A while ago I was introduced to the idea of something with probability happening "almost certainly", (or "almost surely"). Conceptually as I understand it, the probability of an event may be 1, but that does not mean it is certain, only *almost* certain. Wikipedia gives this example, based on throwing a dart at a square:

Consider the event that "the dart hits the diagonal of the unit square exactly". The probability that the dart lands on any subregion of the square is proportional to the area of that subregion. But, since the area of the diagonal of the square is zero, the probability that the dart lands exactly on the diagonal is zero. So, the dart will almost never land on the diagonal (i.e. it will almost surely not land on the diagonal). Nonetheless the set of points on the diagonal is not empty and a point on the diagonal is no less possible than any other point, therefore theoretically it is possible that the dart actually hits the diagonal.

So my basic question is: if I flip a fair coin an infinite number of times, am I **certain**, or merely **almost certain**, to get heads at least once?

**Thought experiment**

My initial reaction to the question was that the answer must be almost certain. However, I came up with a thought experiment which made me doubtful:

Two immortal scientists are tasked with monitoring a fair coin which will flip once a minute. They both share the same coin, but are given different instructions.

The first scientist's instructions are: If the coin has not come up heads after infinite flips, report "false". If the coin comes up heads on any single flip, report "true".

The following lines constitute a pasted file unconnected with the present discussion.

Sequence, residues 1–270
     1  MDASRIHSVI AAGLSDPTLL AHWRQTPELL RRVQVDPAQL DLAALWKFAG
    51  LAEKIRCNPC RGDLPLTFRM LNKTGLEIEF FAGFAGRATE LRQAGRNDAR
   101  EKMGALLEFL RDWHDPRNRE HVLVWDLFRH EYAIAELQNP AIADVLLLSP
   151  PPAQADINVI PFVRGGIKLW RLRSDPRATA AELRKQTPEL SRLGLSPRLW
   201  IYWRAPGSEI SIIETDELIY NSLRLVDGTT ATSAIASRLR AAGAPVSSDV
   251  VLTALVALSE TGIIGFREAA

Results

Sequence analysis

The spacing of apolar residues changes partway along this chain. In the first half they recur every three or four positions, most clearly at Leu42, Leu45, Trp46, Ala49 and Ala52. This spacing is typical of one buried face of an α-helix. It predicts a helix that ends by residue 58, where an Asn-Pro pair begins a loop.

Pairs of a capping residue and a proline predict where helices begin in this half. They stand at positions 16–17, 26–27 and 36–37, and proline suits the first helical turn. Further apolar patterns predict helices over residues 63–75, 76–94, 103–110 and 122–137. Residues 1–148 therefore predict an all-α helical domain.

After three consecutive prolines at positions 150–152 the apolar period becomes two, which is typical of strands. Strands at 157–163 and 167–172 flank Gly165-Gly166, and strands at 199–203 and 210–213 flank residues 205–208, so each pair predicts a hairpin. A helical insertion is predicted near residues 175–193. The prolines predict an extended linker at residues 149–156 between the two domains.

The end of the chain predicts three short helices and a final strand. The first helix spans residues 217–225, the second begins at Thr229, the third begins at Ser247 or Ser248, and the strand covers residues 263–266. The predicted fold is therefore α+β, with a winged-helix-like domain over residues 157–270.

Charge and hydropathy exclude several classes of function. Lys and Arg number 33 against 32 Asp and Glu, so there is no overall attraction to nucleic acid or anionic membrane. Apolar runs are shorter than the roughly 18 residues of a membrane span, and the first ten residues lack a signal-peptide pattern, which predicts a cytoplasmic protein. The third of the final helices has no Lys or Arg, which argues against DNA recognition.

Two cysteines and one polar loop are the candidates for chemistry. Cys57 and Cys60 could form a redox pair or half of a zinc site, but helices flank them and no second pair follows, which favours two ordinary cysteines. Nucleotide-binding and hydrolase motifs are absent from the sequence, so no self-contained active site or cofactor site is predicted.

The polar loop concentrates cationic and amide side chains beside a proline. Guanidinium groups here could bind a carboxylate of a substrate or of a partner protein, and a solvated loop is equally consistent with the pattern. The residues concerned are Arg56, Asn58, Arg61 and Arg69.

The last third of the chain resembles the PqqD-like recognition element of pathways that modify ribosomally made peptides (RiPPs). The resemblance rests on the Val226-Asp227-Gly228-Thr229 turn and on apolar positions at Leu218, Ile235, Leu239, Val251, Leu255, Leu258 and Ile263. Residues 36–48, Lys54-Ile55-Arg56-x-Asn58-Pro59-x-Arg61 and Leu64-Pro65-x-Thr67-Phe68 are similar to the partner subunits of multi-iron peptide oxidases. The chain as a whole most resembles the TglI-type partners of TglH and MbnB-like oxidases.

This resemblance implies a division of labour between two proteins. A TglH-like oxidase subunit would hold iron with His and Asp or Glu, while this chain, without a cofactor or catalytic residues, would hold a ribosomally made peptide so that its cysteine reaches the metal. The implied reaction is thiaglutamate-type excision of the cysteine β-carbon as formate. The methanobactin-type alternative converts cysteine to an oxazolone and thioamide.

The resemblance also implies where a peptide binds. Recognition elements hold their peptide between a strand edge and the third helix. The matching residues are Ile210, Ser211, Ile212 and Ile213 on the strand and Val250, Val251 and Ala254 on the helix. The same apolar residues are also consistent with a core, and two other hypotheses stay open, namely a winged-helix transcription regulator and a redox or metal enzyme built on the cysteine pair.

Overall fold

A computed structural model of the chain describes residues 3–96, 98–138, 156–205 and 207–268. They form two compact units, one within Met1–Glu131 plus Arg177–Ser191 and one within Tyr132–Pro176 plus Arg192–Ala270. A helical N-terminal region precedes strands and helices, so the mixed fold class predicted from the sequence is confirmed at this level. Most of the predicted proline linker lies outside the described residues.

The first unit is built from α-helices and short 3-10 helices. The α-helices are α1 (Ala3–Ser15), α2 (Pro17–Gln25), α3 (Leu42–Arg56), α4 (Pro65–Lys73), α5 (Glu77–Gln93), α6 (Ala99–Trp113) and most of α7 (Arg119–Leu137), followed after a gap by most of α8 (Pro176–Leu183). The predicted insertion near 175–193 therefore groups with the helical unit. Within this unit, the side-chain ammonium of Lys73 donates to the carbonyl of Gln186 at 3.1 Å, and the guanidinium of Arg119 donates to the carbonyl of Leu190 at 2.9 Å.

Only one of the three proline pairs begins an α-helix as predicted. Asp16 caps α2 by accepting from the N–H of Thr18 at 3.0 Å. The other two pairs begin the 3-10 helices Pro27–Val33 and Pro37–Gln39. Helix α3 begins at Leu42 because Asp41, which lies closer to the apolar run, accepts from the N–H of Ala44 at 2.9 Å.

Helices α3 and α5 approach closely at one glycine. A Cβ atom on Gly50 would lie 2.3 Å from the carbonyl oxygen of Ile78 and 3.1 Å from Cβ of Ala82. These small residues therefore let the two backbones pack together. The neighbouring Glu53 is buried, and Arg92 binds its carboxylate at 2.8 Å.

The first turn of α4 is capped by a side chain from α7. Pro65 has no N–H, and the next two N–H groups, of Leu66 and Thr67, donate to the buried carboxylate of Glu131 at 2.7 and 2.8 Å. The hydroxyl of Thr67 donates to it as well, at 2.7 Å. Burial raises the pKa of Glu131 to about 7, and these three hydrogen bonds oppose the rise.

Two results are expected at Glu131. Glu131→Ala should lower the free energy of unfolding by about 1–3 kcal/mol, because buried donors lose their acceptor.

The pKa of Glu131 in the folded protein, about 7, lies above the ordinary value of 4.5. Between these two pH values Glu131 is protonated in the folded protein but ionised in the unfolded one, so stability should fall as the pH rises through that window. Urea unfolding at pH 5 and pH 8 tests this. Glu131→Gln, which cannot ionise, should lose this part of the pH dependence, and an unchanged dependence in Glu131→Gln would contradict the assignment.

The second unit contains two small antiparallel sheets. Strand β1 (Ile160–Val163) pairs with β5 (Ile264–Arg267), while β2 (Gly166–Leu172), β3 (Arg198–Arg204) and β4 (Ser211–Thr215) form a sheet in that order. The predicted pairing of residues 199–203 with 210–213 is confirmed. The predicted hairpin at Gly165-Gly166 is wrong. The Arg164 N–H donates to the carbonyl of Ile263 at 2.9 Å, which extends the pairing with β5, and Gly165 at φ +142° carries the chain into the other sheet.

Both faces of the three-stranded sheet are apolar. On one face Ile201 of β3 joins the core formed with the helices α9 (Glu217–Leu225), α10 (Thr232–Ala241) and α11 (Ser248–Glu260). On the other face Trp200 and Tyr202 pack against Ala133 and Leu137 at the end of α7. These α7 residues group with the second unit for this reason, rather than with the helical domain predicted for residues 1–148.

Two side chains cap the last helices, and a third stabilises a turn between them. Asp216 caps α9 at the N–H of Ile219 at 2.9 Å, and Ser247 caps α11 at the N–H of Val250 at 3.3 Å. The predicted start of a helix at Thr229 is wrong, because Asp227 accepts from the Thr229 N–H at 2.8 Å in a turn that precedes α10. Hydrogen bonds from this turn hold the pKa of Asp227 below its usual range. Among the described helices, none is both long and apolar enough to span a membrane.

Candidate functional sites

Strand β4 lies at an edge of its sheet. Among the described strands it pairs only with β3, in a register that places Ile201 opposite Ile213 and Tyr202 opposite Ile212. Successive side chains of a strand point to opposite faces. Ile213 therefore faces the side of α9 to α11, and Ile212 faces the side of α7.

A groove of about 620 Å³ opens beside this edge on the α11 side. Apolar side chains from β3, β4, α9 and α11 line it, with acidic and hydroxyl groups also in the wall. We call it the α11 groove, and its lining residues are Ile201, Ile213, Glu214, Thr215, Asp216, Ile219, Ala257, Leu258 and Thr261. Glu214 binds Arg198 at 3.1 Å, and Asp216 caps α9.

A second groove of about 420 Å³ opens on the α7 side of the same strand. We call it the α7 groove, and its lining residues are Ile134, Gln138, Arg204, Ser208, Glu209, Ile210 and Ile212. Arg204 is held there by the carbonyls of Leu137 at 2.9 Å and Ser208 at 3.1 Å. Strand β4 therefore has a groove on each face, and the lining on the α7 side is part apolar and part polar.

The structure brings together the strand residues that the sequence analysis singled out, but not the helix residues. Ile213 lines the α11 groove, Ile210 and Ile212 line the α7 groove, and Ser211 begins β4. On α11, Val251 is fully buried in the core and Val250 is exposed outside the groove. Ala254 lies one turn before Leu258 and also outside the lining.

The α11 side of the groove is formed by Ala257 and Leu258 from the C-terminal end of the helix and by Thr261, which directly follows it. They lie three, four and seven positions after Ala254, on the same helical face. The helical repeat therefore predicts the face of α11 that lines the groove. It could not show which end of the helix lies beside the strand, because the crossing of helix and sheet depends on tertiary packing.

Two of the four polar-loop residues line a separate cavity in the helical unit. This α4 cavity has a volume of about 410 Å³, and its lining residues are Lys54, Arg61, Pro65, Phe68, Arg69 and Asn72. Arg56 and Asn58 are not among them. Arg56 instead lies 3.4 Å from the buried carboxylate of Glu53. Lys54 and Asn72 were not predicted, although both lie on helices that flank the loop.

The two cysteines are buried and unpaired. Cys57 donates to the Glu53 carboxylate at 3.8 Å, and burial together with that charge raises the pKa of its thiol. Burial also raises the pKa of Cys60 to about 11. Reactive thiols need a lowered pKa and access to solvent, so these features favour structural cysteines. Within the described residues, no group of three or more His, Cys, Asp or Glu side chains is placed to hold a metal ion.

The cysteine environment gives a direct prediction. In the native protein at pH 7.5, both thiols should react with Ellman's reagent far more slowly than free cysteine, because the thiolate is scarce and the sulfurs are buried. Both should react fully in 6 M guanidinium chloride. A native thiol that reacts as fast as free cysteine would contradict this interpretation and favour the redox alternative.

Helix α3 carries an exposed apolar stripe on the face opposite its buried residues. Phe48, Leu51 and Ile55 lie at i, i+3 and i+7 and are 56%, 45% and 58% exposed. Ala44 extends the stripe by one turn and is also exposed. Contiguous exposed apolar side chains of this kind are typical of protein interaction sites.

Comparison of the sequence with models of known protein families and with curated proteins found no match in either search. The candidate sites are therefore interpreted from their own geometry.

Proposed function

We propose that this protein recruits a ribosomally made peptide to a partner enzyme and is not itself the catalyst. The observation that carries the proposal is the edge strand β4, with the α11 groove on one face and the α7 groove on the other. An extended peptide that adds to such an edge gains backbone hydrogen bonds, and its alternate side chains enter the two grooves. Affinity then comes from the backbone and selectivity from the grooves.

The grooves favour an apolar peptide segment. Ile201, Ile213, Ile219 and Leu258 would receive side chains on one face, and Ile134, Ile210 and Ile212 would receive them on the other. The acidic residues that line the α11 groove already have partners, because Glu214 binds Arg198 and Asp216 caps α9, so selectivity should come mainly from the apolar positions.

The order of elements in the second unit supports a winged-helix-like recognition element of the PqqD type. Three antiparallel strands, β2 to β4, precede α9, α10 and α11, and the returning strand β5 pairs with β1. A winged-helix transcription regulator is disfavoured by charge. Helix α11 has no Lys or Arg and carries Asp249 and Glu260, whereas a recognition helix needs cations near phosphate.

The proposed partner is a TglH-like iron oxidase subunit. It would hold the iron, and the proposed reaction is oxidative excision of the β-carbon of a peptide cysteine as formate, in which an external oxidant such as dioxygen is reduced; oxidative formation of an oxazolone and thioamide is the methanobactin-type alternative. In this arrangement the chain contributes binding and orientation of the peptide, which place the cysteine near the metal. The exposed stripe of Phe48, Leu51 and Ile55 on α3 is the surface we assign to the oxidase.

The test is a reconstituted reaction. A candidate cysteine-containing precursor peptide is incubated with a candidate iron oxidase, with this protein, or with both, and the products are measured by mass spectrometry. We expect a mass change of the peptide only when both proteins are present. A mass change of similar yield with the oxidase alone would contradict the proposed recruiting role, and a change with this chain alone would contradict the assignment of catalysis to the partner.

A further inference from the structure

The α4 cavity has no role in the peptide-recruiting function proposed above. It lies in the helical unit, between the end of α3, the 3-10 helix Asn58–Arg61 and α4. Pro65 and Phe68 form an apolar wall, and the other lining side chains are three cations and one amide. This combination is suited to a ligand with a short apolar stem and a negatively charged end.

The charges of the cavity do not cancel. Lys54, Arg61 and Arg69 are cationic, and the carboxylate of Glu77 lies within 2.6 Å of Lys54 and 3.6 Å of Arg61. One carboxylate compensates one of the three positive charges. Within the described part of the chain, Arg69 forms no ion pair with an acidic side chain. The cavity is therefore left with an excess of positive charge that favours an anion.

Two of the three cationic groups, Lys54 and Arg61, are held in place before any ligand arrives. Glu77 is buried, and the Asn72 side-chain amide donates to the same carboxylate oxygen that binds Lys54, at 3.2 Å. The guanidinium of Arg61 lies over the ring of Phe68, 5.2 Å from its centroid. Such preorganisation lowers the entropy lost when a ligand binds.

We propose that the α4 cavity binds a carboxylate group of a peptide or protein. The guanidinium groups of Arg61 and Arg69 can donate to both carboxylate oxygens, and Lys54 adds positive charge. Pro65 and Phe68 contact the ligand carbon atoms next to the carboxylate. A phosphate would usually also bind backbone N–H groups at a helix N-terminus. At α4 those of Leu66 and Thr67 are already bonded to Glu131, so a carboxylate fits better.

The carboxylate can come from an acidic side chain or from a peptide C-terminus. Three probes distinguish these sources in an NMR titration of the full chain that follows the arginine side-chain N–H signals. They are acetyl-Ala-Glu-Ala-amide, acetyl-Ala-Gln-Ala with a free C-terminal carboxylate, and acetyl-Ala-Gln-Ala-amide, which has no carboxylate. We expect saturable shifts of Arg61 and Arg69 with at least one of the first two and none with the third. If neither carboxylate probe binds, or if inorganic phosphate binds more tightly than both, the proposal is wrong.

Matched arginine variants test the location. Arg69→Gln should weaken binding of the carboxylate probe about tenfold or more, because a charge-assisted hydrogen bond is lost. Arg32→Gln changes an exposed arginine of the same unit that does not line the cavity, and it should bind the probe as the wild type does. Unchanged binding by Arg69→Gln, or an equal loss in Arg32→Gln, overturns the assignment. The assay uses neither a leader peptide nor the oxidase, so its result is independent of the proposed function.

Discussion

The second scientist is given this flow chart to describe what he should do:

Given this, I would say the following:

- There is clearly no flow through the second scientist's diagram where there is any possible result apart from "true".
- There is no sequence of coin flips where, at any point either:
- The two scientists report different results OR
- One scientist has reported a result while the other is still yet to report a result.

The first of those points seems to mean that it is certain, rather than almost certain, that the second scientist will report true. The second of those points seems to mean that the second scientist being certain to report true implies that the first scientist is certain to report true.

Putting those together, the first scientist is certain to report true, giving a counterintuitive answer to the basic question.

So to wrap up, is it certain or almost certain that an infinite series of flips of a fair coin will result in heads at least once? If **certain**, then what's the explanation for that counterintuitive result given that there's nothing forcing any single coin to come up heads? If **almost certain**, then what is the flaw in the reasoning of the thought experiment?

**Contents**hide

#### Best Answer

I believe there is a subtle issue in your analogy. The first scientist may never talk, as there is no such thing as "after" an infinite number of flips. Nevertheless, neither scientist is **certain** to report true, they can still be waiting for ever and ever and ever…

Thus, both are "almost certain".

### Similar Posts:

- Solved – Why is p for 8 times heads out of 21 flips not 8/21
- Solved – Monte Carlo Sim for Coin Toss in R
- Solved – Variance of Coin Flips Until H
- Solved – Calculating confidence interval for whether some of N coins are unfair
- Solved – Calculating confidence interval for whether some of N coins are unfair